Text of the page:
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More than a milestone: Esther Hay marks 102nd birthday with her family

Esther Hay sits in her room at South Shore Care Center, where she spends a lot of time reading. (BETH RICKERS/DAILY GLOBE)1 / 2
Esther Hay was joined for her birthday celebration by her four children (from left): Jerry, from Worthington; Bill, from Grand Marais; Joan, now of Albuquerque, N.M.; and Leslie, Los Angeles, Calif. Her family also includes 11 grandchildren, 26 great-grandchildren and two great-great-grandchildren. (BETH RICKERS/DAILY GLOBE)2 / 2

WORTHINGTON — Esther Hay says she doesn’t feel 102 years old.

She doesn’t look it or act like it, either. The only noticeable evidence of her advanced age is a not-so-unusual decline in hearing ability.

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With the use of a walker, Esther gets around pretty well through the halls of the South Shore Care Center, where she now resides.

Each morning when she gets up, she makes her own bed and gets dressed by herself — taking great pains with her appearance, as she always has. When such necessities as eating and socializing are done, Esther likes nothing better than settling down in the big easy chair in her room with a big thick book — large print edition preferred, although she’ll tackle the finer print ones, too, if necessary.

Esther could easily pass for a decade or two younger, but last week she celebrated 102 years on this earth, her family by her side. With the help of her four children — Bill, Jerry, Joan and Leslie — Esther spent some time reminiscing about her long life on the occasion of her birthday.

Born Sept. 27, 1911, Esther grew up on a farm near Alpena, S.D., about 20 miles south of Huron.

“There were seven of us,” she said about the size of her family. “I was the third one. There were three girls and four boys.”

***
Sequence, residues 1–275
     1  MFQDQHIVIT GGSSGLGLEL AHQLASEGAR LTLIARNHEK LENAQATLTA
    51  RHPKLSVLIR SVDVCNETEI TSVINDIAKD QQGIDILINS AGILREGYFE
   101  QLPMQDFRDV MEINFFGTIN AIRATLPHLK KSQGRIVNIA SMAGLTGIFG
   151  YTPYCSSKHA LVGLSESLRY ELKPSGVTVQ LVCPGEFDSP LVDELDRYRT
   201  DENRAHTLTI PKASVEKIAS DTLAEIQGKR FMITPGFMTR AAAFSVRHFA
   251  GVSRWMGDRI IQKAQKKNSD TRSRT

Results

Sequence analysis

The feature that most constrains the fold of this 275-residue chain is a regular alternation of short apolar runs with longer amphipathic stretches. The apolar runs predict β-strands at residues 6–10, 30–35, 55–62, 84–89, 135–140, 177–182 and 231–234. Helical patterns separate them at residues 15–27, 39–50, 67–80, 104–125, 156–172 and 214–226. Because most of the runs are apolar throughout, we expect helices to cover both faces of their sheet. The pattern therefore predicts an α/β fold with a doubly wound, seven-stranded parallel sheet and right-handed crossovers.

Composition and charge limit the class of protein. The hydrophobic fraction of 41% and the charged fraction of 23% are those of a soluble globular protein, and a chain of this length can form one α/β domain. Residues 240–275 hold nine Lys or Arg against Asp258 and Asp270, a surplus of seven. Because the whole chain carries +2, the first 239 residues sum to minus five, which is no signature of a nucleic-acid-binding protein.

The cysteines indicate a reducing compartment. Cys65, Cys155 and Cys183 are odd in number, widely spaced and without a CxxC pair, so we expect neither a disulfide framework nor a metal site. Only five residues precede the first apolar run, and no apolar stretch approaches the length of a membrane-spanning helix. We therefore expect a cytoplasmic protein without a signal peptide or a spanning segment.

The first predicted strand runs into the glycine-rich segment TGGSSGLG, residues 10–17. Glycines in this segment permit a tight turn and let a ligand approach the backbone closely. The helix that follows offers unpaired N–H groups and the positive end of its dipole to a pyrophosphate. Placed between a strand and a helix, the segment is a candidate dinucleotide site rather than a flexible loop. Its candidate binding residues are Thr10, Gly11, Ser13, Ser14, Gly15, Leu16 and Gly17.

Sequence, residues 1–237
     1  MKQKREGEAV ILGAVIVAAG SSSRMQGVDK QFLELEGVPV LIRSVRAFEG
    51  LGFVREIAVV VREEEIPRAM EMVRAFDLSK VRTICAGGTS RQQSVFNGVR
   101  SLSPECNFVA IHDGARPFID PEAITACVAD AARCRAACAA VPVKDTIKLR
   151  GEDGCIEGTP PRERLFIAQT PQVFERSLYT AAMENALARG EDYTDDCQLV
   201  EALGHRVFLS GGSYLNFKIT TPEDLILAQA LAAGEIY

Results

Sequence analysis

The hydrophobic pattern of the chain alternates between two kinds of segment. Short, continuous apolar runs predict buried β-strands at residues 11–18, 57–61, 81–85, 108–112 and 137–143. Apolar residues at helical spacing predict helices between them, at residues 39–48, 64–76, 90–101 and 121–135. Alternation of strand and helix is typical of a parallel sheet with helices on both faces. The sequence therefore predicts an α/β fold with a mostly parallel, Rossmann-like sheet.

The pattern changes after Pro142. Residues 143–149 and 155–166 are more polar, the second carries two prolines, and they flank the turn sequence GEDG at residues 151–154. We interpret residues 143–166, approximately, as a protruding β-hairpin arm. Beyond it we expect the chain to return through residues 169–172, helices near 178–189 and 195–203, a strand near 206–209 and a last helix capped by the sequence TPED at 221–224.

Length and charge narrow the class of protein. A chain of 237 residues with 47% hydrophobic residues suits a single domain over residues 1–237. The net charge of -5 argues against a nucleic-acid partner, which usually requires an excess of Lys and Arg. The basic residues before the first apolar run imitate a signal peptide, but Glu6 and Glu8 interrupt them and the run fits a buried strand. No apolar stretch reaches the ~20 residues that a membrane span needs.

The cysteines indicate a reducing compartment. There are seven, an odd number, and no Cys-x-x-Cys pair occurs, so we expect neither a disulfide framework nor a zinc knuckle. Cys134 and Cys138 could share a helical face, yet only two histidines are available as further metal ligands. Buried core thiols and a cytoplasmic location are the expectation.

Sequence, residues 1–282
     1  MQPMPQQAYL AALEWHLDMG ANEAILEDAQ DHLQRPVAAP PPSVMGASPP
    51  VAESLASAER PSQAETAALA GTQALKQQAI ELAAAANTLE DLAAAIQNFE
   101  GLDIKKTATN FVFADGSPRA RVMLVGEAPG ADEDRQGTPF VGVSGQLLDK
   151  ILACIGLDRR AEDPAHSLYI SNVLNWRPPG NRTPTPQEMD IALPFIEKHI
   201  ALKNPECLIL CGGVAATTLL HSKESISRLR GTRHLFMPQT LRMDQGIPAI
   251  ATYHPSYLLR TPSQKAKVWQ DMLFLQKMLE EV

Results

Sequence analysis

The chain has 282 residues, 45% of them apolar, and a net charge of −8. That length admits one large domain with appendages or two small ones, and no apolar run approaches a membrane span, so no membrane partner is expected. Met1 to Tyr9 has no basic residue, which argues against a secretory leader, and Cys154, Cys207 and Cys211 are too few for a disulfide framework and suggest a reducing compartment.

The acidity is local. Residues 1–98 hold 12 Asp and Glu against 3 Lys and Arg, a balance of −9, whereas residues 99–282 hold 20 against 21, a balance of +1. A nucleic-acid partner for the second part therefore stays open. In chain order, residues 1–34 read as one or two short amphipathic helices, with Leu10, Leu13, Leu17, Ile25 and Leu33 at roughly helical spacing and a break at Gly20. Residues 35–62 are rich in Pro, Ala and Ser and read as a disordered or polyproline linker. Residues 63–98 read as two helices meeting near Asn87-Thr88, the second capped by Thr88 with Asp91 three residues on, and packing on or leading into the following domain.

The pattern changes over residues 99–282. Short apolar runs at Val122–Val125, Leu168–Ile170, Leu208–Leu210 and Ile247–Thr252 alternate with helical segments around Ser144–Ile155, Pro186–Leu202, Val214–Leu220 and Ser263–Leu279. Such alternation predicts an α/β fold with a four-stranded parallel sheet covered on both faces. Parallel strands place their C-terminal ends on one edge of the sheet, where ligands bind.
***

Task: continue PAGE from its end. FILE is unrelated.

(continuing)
As was common on farms in those days, there were lots of livestock — cows, cattle, hogs, chickens. Esther helped to gather the eggs, but was exempt from the harder farm labor because she had an older brother to do such tasks. There were no tractors, combines or other such farm machinery. There were horses instead to pull the plow, wagon or buggy.

When Esther graduated from high school, she attended college for one year —Normal training in Aberdeen, S.D., which allowed her to teach in country school. She returned to the country school near her parents’ farm, now the teacher instead of the student. She rode a horse —one was named Maude, she recalled — to work every day and stabled it in a barn on the school grounds.

“She had to shovel the snow, start the coals for the stove, clean up the school,” inserted daughter-in-law Elaine. “She had to do everything. They didn’t have a janitor.”

Esther instructed eight to 10 students at the country school. Her salary was indicative of the bad times ahead as the Great Depression loomed on the horizon.

“The first year, I made $90 a month,” she detailed. “The second year, I made $60 a month. The third year, they cut it down to $40, and I quit.”

Although she liked teaching well enough, Esther thought there were better opportunities to be found, so she made a trip to Worthington to see her sister.

“My sister lived here, so I came down to see her, and I stayed and looked for a job, but jobs were hard to get,” Esther recalled.

She became a domestic helper — cleaning house and taking care of children for a local family.

Her sister’s husband ran a service station in Worthington, so she would stop there to visit. On one such occasion, she happened to be present when the business was held up by robbers, and she was interviewed by the police. Another time, there was a tornado warning, and she took refuge from the storm in the station’s grease pit.

Eventually, Esther met husband-to-be John Hay.

“He lived on the same block I was living on,” explained Esther. “We went to dances a lot.”

“I always teased her that she sent to the dance with friends and came home with dad,” said daughter Joan. “She said he was so handsome.”

“He was also a younger man,” added Leslie.